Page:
IMF says UK fiscal measures will 'likely increase inequality,' urges rethink
WASHINGTON, Sept 27 (Reuters) - The International Monetary Fund on Tuesday took aim at new British financial plans that have roiled markets, warning that "large and untargeted fiscal packages" would likely increase inequality in Britain and could undermine monetary policy.
In its first comments on plans by Britain's new finance minister Kwasi Kwarteng, which have sent sterling and bonds into free fall, the IMF urged UK authorities to consider providing more targeted support to families and business instead of sizable tax cuts and sharply higher government spending.
“We are closely monitoring recent economic developments in the UK and are engaged with the authorities," an IMF spokesperson said, in response to a query from Reuters after the British pound hit an all-time low amid spiking market concerns.
"Given elevated inflation pressures in many countries, including the UK, we do not recommend large and untargeted fiscal packages at this juncture, as it is important that fiscal policy does not work at cross purposes to monetary policy," the spokesperson said in the IMF's first public reaction.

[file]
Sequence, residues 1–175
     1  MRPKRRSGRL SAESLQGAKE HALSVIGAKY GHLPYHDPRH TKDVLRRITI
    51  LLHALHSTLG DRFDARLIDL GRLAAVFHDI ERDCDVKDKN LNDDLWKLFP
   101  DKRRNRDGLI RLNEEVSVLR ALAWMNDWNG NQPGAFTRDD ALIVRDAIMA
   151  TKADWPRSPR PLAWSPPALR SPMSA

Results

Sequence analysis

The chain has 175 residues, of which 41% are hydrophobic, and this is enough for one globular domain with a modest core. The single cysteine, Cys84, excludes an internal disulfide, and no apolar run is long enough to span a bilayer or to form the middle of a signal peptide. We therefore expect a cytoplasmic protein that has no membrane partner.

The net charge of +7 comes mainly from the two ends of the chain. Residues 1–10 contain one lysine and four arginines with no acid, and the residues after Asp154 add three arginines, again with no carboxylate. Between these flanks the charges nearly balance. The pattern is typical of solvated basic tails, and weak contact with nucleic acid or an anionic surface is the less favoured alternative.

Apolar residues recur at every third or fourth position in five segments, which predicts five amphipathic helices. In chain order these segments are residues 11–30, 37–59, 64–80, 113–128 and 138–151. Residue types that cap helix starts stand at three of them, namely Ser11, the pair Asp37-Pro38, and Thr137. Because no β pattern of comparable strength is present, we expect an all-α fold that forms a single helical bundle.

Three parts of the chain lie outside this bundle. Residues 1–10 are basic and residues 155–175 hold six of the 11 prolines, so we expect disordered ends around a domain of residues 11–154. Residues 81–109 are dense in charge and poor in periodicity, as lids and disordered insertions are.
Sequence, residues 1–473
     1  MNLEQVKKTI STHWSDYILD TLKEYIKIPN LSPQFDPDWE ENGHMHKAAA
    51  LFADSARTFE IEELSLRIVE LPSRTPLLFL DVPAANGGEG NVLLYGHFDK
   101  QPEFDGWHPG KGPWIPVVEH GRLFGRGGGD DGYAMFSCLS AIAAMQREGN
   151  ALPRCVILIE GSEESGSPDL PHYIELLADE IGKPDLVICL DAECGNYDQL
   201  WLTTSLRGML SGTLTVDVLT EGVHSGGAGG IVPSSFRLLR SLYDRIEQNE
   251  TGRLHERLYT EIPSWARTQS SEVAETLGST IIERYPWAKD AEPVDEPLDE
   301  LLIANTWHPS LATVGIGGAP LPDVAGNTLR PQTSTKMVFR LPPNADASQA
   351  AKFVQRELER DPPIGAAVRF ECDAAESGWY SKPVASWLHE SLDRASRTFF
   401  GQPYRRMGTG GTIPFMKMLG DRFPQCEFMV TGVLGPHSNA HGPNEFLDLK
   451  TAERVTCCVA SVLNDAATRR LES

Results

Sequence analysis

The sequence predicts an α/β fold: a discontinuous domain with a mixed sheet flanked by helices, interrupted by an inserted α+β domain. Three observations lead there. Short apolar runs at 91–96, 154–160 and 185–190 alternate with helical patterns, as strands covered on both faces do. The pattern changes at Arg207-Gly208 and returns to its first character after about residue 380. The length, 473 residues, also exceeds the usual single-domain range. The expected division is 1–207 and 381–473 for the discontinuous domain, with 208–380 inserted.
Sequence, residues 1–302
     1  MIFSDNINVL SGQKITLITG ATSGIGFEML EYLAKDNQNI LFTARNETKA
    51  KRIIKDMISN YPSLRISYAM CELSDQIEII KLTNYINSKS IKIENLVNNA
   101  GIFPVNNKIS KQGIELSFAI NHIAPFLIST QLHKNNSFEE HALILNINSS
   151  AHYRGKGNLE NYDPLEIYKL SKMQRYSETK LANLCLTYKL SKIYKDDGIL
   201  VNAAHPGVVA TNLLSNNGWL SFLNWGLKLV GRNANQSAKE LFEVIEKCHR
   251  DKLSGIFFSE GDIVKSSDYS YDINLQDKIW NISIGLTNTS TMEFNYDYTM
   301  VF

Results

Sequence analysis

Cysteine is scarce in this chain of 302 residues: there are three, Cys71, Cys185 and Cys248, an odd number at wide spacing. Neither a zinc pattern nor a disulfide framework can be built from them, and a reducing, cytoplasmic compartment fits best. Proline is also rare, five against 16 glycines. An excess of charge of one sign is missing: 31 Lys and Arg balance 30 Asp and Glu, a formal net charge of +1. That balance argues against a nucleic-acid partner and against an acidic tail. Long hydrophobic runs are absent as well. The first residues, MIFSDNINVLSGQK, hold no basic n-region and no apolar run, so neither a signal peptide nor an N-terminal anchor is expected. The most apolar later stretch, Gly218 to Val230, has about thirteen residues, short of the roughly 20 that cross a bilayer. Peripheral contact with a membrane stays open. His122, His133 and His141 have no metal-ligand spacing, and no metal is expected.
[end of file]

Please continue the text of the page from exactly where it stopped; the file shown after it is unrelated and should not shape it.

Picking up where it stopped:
Kwarteng, who on Friday unveiled a budget aimed at growing the economy by cutting taxes and sharply increasing government borrowing, responded to market mayhem by promising to roll out medium-term debt-cutting plans on Nov. 23.
The global lender understands that Britain's "sizable fiscal package" was intended to help residents deal with higher energy prices and to boost growth via tax cuts and supply measures, but such measures could put fiscal policy at cross purposes with monetary policy, the spokesperson said.
"The nature of the UK measures will likely increase inequality," it added.
Kwarteng's Nov. 23 budget would provide an "early opportunity for the UK government to consider ways to provide support that is more targeted and reevaluate the tax measures, especially those that benefit high-income earners,” the spokesperson added.
Britain was forced to apply for an IMF loan of nearly $4 billion during the 1976 financial crisis, with IMF negotiators insisting on deep cuts in public expenditure at the time.
IMF officials have warned repeatedly in recent months of the need to carefully calibrate fiscal and monetary policy as central bankers raise interest rates across the globe to get inflation under control.
Our Standards: The Thomson Reuters Trust Principles.